The scariest word for a primary care physician these days isn’t ACA, reimbursements, or even liability insurance. It’s attrition. The great migration of patients continues to shift from the primary care practice to other facilities. They will go where there’s quick and easy access to good care. In recent years, that has meant a migration to urgent care centers.
Now, the latest trend, and potentially far more damaging to a physician's practice, comes from pharmacies.
Physicians are long accustomed to sending their patients to pharmacies to fill a prescription. But, now they’re doing so and patients aren’t coming back. That’s because pharmacies are adding clinicians, accessible both on-site and remotely.
Just this week, Walgreen’s announced a partnership with MDLIVE in which it will provide their customers with online, on-demand access to physicians. A pilot of the program has launched in a few states and additional ones will be added soon. The role the pharmacy is undergoing a dramatic transformation and its impact on the healthcare system should not be discounted.
In the world of vaccines, patients are increasingly receiving their immunizations at urgent care clinics and now pharmacies. And as these care centers build out the services they provide, patients will have limited incentive to return to their primary care physicians. When a patient leaves a practice, for a vaccination or otherwise, if they’re satisfied with their care, they’re not coming back.
Primary care practices can’t afford to let this migration continue. Rather than lament the shifting dynamics, physicians are beginning to implement meaningful and successful tactics to keep their patients:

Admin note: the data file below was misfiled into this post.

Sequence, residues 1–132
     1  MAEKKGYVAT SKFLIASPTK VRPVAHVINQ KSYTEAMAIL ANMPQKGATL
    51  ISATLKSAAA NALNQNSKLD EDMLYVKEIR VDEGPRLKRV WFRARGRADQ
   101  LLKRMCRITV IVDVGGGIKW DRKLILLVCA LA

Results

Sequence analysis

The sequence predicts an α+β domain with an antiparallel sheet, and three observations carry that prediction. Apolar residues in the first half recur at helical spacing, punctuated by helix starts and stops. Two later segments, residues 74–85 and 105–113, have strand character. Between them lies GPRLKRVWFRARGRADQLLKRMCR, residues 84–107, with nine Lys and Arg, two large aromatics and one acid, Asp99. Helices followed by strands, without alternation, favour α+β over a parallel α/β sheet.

- Communicate early and often – provide frequent, proactive communication to inform patients of their care history and recommendations for future vaccinations
- Build on their trust in you – remember, patients may appreciate the convenience of an urgent clinic or pharmacy, but you can leverage your practice’s earned trust, respect and credibility
- Raise awareness of vaccines – many patients don’t understand the significance of vaccines or the consequences of failing to adhere to guidelines; provide patients with educational and informational material, either from the Centers for Disease Control or other sources
- Make it easy – vaccines are confusing and the requirements, guidelines and recommendations frequently evolve; help your patients by providing crystal-clear guidance on what they need to do, when and how
So, what will you do as a primary care physician to compete with the convenience of jelly beans, allergy medications and immunizations all in the same store?